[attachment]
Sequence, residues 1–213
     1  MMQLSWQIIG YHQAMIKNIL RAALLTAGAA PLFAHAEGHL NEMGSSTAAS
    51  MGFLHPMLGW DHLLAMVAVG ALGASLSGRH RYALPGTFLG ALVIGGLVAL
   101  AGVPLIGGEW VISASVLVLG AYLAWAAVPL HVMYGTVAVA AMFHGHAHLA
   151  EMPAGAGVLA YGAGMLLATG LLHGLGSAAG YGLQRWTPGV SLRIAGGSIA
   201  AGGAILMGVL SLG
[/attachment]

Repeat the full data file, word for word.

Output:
Sequence, residues 1–213
     1  MMQLSWQIIG YHQAMIKNIL RAALLTAGAA PLFAHAEGHL NEMGSSTAAS
    51  MGFLHPMLGW DHLLAMVAVG ALGASLSGRH RYALPGTFLG ALVIGGLVAL
   101  AGVPLIGGEW VISASVLVLG AYLAWAAVPL HVMYGTVAVA AMFHGHAHLA
   151  EMPAGAGVLA YGAGMLLATG LLHGLGSAAG YGLQRWTPGV SLRIAGGSIA
   201  AGGAILMGVL SLG